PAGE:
Wandering Thoughts archives


I should keep a released version of the Go compiler suite

One of my little development habits with Go is that I track the tip of Go development, built my Go toolchain from it, and update frequently. This almost always works (the tip is only broken very rarely) and it means that I get the latest Go compiler improvements and standard library updates. Every so often I can even help out by reporting a problem (well) before it makes it into a general release.

(Building Go from source is pretty simple once you're set up for it and pretty fast, even including all of the default tests. If it took lots of time to rebuild, I would be much less enthused about keeping current.)

But this does have one drawback now that I'm slowly making more of my Go things public, which is that I can get a little bit fuzzy on what version of Go my public things actually require. Not all that many people run the development version, so ideally I'd keep my public stuff compatible with at least the latest released version (and perhaps even older versions if it's easy). But since I only build with Go tip, it's easy for some dependency to sneak in. Or just for me to explicitly use some nice new development in Go tip without thinking about the impact on other people.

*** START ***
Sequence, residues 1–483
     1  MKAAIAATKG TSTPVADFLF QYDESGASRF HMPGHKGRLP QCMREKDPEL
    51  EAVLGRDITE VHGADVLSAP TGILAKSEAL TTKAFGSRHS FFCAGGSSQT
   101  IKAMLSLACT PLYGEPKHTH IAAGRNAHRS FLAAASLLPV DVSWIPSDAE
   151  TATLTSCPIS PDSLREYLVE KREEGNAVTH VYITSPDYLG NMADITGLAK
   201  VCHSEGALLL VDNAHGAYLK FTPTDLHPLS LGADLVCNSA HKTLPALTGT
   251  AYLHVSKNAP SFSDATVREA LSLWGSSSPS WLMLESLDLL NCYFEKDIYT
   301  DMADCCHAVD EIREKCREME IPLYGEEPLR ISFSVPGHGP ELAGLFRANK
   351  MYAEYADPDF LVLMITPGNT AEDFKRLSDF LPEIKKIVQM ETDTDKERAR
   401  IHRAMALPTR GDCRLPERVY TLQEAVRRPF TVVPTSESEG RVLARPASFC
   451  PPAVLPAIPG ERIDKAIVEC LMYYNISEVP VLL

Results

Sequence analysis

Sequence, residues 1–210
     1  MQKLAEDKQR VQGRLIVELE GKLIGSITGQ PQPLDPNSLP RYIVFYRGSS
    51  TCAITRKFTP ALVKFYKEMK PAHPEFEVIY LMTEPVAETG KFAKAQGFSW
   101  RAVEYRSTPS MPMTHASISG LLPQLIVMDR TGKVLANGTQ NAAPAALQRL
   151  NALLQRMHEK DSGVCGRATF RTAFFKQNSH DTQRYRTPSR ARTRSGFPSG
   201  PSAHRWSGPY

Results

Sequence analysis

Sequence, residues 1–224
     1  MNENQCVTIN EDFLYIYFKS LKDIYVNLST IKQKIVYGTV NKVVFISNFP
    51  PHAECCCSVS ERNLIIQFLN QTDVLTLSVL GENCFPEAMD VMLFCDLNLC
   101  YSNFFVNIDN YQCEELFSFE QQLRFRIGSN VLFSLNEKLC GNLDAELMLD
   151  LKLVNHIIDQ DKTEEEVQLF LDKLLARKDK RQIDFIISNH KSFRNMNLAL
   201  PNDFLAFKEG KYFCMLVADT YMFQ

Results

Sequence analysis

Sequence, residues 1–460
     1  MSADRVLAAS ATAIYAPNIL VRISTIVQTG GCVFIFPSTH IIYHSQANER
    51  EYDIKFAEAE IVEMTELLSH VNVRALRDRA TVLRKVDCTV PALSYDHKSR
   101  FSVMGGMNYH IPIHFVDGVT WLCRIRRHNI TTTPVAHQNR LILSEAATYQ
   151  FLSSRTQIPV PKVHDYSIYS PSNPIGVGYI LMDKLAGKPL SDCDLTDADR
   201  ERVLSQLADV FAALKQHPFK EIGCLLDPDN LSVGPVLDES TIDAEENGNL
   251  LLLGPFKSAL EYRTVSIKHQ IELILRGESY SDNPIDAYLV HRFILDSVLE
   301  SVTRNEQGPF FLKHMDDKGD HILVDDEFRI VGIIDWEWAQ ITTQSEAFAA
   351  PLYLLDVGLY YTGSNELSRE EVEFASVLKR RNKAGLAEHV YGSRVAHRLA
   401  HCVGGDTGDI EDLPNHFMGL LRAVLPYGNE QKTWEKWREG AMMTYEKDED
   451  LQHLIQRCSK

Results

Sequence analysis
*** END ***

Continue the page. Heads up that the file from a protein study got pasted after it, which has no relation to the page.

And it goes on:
The obvious way to avoid this is to routinely test my code against officially released versions of Go. To do this, I obviously need to have sitting around the latest release, or perhaps several releases; right now, that's at least Go 1.7.3 and perhaps some 1.6.x version.

(Sure, it'd be nice if everyone used the latest Go, and building it yourself isn't too hard. But a lot of people only use (pre-)packaged vendor software and right now both Fedora and Ubuntu LTS are still shipping Go 1.6, not Go 1.7. I'm not sure if I should build my own version of 1.6.x for this testing or rely on the packaged Fedora version.)

In theory this is trivial and I could have set it up in the time that it took me to write this blog entry. In practice, the idea of maintaining multiple Go toolchains and switching among them and so on is just annoying and painful enough that there's a part of me that wants to avoid it all. Surely I can avoid problems by being careful on my own, right? (The honest answer is no, not really, and I know that, but part of me is in denial.)

programming/GoKeepReleaseAround written at 01:11:11; Add Comment

Page tools: See As Normal.
Login: Password:
Atom Syndication: Recent Pages, Recent Comments.

This dinky wiki is brought to you by the Insane Hackers Guild, Python sub-branch.